of the Highlands by the English were dreadful and bloody in the higher u might ott gifted poct invoke the genius of Mercy.
Why, Goddess, why, to us denied,
ODE TO THE BRAVE.
How sleep the brave, who sink to rest,
ODE TO MERCY.?
By Valor's arm'd and awful side,
Who oft with songs, divine to hear,
Win'st from his fatal grasp the spear, And hid'st in wreaths of flowers his bloodless sword!
1 The Ode to the Brave, written in 1746, and the Ode to Mercy, seem to have been written on the same occasion, namely, the Scotch Rebellion of 1746, when the young Pretender, Charles Edward Stuart, after landing in Scotland and ronting the English forces, was utterly defeated at Cullodon, The subsequent devastations of the Highlands by the English were dreadful and bloody in the highest degree; and well might our gifted poet Invoke the genius of Mercy,
Thou who, amidst the deathful field,
By godlike chiefs alone beheld,
See Mercy, see, with pure and loaded hands,
Before thy shrine my country's genius stands, And decks thy altar still, though pierced with many a wound
The fiend of Nature joind his yoke,
Thy form, from out thy sweet abode,
O'ertook him on his blasted road,
I see recoil his sable steeds,
That bore him swist to savage deeds,
To thee we build a roseate bower,
Te lires there one, whose heedless eye
Shall scom thy pale shrine glimmering near ? With him, sweet bard, may Fancy die,
Ard Joy desert the blooming year.
But thou, bom stream, whose sullen tide
No sedge-crownd sisters now attend, doe waît me from the green hill's side Whose cold turf hides the buried friend!
ON THE DEATH OF THE POET THOMSON.'
Dun Night has veil'd the solemn view! Yer one again, dear parted shade,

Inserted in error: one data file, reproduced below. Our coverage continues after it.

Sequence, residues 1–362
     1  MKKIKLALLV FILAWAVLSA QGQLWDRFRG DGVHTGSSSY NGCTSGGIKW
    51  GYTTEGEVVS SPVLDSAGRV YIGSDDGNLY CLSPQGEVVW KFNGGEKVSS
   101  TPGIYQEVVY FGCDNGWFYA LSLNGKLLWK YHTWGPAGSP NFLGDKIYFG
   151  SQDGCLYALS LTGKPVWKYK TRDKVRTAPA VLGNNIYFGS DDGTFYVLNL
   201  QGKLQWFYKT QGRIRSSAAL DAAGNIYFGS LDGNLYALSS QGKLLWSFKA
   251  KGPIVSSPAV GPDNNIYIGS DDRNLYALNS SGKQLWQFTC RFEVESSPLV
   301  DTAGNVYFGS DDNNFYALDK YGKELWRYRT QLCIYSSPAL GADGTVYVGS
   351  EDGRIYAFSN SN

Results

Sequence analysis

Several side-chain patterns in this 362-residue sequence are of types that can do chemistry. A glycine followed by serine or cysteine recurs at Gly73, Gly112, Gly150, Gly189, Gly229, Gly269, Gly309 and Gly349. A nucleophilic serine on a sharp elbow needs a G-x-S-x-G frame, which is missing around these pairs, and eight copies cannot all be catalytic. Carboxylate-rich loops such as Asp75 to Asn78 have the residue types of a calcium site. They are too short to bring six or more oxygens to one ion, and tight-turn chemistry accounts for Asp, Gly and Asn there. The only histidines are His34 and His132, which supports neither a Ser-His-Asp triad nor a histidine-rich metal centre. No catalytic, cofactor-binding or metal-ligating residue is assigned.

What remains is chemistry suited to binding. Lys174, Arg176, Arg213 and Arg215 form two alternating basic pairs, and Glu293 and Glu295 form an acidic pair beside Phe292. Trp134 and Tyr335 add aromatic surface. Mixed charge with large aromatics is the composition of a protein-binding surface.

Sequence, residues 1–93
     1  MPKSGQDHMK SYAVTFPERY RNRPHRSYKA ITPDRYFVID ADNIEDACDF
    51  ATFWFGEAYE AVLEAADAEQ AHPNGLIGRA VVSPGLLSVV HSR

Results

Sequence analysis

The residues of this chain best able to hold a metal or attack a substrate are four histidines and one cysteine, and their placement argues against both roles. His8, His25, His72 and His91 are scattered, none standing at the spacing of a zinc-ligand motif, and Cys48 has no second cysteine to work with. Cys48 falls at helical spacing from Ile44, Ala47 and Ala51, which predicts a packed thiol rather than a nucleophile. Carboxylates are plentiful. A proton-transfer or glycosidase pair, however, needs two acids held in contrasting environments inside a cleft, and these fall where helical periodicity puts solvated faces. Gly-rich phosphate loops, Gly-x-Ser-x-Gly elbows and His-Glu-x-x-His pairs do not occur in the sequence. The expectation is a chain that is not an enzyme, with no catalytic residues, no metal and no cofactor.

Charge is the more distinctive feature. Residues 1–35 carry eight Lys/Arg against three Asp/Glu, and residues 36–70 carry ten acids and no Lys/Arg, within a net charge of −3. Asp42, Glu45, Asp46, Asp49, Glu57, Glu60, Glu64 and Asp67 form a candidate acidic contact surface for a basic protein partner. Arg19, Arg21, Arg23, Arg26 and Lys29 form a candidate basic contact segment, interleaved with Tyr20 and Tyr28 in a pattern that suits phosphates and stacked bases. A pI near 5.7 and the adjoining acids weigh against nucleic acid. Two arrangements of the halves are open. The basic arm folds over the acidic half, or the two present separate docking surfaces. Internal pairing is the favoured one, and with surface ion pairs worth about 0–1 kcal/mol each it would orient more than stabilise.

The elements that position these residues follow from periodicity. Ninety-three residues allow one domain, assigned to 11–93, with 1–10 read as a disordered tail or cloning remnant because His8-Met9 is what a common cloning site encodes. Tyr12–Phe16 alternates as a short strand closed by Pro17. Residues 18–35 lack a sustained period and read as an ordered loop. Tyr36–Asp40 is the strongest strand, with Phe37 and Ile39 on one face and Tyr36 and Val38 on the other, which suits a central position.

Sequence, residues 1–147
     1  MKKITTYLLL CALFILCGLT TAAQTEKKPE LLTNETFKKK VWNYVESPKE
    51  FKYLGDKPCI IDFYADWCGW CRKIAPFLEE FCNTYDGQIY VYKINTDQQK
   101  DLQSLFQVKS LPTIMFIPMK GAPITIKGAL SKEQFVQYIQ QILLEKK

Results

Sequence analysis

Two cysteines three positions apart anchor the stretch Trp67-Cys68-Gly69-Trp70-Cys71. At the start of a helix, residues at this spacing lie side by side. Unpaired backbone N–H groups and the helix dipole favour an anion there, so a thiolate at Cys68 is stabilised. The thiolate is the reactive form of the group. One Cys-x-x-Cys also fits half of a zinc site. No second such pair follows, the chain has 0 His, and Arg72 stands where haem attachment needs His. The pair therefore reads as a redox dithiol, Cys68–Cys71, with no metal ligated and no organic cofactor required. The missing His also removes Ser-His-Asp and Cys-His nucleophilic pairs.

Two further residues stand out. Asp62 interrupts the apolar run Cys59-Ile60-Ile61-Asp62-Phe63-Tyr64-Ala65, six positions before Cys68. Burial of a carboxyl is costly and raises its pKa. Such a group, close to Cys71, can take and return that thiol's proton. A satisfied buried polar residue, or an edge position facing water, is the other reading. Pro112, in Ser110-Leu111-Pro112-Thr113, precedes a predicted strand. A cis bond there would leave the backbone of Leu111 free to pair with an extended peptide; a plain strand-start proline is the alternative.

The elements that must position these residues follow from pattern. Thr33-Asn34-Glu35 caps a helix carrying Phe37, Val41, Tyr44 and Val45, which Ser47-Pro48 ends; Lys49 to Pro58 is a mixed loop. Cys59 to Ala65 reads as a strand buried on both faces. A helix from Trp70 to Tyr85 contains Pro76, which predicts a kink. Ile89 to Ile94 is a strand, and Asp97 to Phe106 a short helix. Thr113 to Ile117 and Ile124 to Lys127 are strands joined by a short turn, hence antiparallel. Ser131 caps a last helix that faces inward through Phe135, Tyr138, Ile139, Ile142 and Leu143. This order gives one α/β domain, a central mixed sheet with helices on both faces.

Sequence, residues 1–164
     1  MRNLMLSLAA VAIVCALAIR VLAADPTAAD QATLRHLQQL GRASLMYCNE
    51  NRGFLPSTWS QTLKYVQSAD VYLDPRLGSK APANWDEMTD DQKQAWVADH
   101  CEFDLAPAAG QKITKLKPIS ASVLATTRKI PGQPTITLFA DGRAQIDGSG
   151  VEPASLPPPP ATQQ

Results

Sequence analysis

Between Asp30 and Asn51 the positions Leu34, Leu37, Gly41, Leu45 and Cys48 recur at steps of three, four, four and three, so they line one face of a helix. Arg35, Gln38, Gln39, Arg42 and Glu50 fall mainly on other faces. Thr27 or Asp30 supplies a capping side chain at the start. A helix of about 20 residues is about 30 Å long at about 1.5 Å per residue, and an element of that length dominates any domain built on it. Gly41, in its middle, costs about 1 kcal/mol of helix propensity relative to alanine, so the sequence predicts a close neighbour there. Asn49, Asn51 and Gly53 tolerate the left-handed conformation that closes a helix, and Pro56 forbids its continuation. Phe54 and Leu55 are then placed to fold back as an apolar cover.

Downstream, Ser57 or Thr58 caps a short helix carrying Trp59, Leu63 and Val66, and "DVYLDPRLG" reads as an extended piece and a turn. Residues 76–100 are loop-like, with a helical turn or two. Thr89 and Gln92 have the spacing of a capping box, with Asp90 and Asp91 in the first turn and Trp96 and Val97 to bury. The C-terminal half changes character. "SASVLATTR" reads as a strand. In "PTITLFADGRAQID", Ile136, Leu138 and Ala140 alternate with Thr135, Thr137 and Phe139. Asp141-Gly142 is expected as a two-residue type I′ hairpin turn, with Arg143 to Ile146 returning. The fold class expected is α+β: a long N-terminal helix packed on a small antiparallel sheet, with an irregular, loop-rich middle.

dieek nature's child, again adieu!
The genial meads? assign'd to bless
Thy life, shall moum thy early doom! Their hinds and shepherd girls shall dress With simple hands thy rural tomb.
Long. long, thy stone and pointed clay
Shall melt the musing Briton's eyes; 0! vales, and wild woods, shall he sayi
In yonder grave your Druid lies!
Then maids and youths shall linger here,
And, while its sounds at distance swell,
iv. Remembrance oft shall haunt the shore
When Thames in summer wreaths is drest, And oft suspend the dashing oar
To bid his gentle spirit rest!
SAMUEL RICHARDSON. 1689–1761.
vel, was the son of a carpenter in Derbyshire, and was born in metu the limited means of his father, he was restricted to a common
bon, which is very apparent in the structure of his composition. mulbutes, however, the most decisive marks of genius, and was re
1 This ode on the Death of Thomson seems to have been written a on the Thames. “Collins had skill to complain.” or that mournful melody.' which are the distinguishing excellencies of such pieces as bewail depar was almost an unequalled master.
tle or Indolence, 2 The harp of Æolus of which see a description in Thomson's cas
tten during an excursion to Richmond
bournful melody, and those tender images,
Themean was buried in Richmond church.
cunod in the Belydborhood of Richmond some time before his death.
And oft as Ease and Health retire
To breezy lawn, or forest deep,
Ah! what will every dirge avail ?
Shall scorn thy pale shrine glimmering near?
And Joy desert the blooming year.
But thou, lorn stream, whose sullen tide
No sedge-crown'd sisters now attend,
Whose cold turf hides the buried friend!
And see, the fairy valleys fade,
Dun Night has veil'd the solemn view!
Meek nature's child, again adieu !
The genial meads? assign’d to bless
Thy life, shall mourn thy early doom!
With simple hands thy rural tomb.
Shall melt the musing Briton's eyes;
In yonder grave your Druid lies!
SAMUEL RICHARDSON. 1689–1761,
SAMUEL RICHARDSON, who may be said to be the inventor of the modern English novel, was the son of a carpenter in Derbyshire, and was born in 1689. From the limited means of his father, he was restricted to a common school education, which is very apparent in the structure of his composition. He early exbibited, however, the most decisive marks of genius, and was re.
1 Thomson was buried in Richmond church. 2 Thomson resided in the neighborhood of Richmond some time before his death.